Alga is an airborne plant material that can attach to your asphalt roof and cause dark stains as it grows and lingers. While the algae are primarily a cosmetic issue, the stains can become quite an eyesore especially if your home's roof is highly visible from the ground or curb.
Luckily, the problem is fairly easy to treat for yourself if you can safely access your roof. If you have a high roof and lack the proper safety equipment, call in a roofing company to remove the stains instead. Stains aren't worth the risk of ou falling off a roof.
How can you remove algae from your roof, treat the stains, and prevent the algae from returning to do more cosmetic damage?
(Carefully) Use a Bleach-Water Rinse
You can remove the stains from your asphalt using a diluted bleach mixture that includes about two parts water to one of the bleach. Load some of the mix into a large spray bottle that you can easily carry onto the roof. Spray the diluted bleach directly onto the stains. Try to avoid wetting the shingle too much as you don't want the solution to risk pooling under the tile and causing water damage.
Allow the solution to set on the stain for a few minutes before rinsing off any excess bleach water with a hose. Make sure the diluted bleach isn't going straight over the side of your house and onto the ground around your foundation as the bleach can cause foundation damage over time. In other words, try to aim the solution down towards your gutter system, which should carry the bleach runoff safely away from your house.
Scrub with Stiff Brush
Did the bleach fail to remove all of the algae from your roof? Use a handled, flat-headed broom with stiff bristles to remove the stubborn algae. You want to start with a lighter hand and then intensify pressure but don't press so hard that you risk removing the protective rough upper layer of the asphalt shingles.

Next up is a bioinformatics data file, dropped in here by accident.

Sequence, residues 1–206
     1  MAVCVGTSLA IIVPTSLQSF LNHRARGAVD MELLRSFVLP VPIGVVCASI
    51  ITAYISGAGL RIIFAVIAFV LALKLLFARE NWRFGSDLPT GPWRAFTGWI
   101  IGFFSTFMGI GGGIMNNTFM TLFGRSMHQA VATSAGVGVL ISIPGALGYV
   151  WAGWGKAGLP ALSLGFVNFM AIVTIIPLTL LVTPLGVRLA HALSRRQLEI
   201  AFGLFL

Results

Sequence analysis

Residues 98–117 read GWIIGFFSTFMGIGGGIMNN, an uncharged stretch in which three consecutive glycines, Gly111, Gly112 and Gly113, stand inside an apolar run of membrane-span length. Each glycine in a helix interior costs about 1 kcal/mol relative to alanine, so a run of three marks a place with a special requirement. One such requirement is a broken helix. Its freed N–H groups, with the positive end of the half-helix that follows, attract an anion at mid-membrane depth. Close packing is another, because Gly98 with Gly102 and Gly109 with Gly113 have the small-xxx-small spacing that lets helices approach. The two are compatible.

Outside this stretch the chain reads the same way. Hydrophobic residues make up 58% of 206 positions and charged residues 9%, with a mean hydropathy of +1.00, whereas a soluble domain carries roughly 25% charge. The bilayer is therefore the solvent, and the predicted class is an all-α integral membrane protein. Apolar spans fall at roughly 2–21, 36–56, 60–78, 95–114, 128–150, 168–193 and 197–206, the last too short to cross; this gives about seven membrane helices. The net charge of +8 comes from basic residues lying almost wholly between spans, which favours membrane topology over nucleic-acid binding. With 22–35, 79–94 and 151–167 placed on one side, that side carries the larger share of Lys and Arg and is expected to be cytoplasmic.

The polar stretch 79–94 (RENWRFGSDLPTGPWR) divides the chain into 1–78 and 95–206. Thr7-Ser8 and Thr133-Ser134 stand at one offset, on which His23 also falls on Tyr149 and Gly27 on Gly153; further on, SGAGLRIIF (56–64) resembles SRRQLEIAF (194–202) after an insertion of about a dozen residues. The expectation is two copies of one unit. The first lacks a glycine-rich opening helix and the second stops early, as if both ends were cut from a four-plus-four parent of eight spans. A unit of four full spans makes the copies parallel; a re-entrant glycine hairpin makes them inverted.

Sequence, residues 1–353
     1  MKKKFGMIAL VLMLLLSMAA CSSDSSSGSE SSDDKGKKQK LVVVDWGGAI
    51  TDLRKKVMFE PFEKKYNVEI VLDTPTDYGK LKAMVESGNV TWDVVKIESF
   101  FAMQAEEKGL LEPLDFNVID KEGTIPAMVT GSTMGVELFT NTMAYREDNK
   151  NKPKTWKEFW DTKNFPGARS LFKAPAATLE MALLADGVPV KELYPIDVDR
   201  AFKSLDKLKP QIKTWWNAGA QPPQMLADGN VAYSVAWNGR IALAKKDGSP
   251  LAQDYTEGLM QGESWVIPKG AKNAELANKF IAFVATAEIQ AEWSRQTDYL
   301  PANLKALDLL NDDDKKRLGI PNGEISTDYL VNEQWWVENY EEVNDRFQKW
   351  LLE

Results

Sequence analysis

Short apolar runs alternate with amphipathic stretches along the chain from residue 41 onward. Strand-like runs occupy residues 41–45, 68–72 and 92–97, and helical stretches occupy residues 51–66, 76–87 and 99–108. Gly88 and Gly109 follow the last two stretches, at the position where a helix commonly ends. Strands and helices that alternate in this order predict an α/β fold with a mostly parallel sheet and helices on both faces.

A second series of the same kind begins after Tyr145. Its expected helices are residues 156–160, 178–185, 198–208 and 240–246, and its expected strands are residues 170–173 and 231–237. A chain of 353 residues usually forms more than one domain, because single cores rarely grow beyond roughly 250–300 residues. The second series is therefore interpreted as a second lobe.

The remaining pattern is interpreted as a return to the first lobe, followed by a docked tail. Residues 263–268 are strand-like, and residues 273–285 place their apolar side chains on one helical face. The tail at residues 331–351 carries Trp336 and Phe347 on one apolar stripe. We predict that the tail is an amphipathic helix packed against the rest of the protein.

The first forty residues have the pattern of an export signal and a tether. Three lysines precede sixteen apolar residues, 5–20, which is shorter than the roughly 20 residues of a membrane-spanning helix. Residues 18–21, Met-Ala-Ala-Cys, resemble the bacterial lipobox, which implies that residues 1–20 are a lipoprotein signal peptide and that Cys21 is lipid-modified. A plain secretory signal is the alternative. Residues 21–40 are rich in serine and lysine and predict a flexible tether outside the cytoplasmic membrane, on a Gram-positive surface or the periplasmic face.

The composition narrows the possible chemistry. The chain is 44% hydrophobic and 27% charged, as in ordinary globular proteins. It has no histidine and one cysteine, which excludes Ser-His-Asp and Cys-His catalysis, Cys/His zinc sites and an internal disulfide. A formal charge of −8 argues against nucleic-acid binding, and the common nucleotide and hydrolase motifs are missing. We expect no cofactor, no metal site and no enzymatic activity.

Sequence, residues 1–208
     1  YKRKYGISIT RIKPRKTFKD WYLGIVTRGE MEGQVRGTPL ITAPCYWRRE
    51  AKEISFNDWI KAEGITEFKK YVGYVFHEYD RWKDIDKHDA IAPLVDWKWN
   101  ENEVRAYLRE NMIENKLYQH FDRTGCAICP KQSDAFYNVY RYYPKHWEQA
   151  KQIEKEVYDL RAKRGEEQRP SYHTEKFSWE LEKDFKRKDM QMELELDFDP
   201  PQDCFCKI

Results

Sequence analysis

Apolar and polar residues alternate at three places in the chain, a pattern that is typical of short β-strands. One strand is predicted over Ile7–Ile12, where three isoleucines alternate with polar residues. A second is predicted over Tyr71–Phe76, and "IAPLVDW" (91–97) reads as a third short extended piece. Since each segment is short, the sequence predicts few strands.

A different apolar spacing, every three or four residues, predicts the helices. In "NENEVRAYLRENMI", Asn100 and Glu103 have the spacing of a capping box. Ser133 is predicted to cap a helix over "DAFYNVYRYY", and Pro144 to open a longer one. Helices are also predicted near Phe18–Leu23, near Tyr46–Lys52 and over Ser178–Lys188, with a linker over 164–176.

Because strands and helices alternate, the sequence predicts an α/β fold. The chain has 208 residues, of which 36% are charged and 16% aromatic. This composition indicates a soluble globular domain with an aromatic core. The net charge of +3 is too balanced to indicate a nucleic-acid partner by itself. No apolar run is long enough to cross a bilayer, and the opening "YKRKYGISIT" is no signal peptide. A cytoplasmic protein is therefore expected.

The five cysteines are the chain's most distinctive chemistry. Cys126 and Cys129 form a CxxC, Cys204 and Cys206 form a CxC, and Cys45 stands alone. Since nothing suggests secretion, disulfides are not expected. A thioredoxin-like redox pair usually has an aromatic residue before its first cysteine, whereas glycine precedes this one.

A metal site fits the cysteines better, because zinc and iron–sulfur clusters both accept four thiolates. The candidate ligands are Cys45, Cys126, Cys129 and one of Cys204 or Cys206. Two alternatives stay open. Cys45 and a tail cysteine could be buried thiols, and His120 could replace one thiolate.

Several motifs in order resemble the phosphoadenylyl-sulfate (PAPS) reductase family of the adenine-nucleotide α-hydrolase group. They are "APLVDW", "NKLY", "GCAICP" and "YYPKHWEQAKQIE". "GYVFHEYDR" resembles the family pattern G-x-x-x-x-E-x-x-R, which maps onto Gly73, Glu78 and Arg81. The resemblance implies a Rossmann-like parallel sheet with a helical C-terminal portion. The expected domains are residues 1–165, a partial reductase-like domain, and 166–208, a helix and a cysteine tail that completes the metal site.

Did the stiff brushing remove the algae but stains remain? Follow up the brushing with another carefully done rinse with the bleach-water mixture. Stains still lingering? You might need to bite the bullet and call your roofing contractor to discuss replacing the stained shingles.
Mount Copper or Zinc Strips
Want to prevent the algae from taking hold again in the future? Ask your roofing contractor to install copper or zinc strips at the peak of your roof. Rainwater will carry minerals from the metal down over any existing algae and kill the organic material before it has a chance to cause any staining.
Your roofing contractor (like Emerald Roofing) should be able to install the strips in a subtle way that partly uses your existing shingles as camouflage. If you have a taller roof where the ridge isn't visible from the ground, the camouflaging isn't as important since no one will see the metal regardless.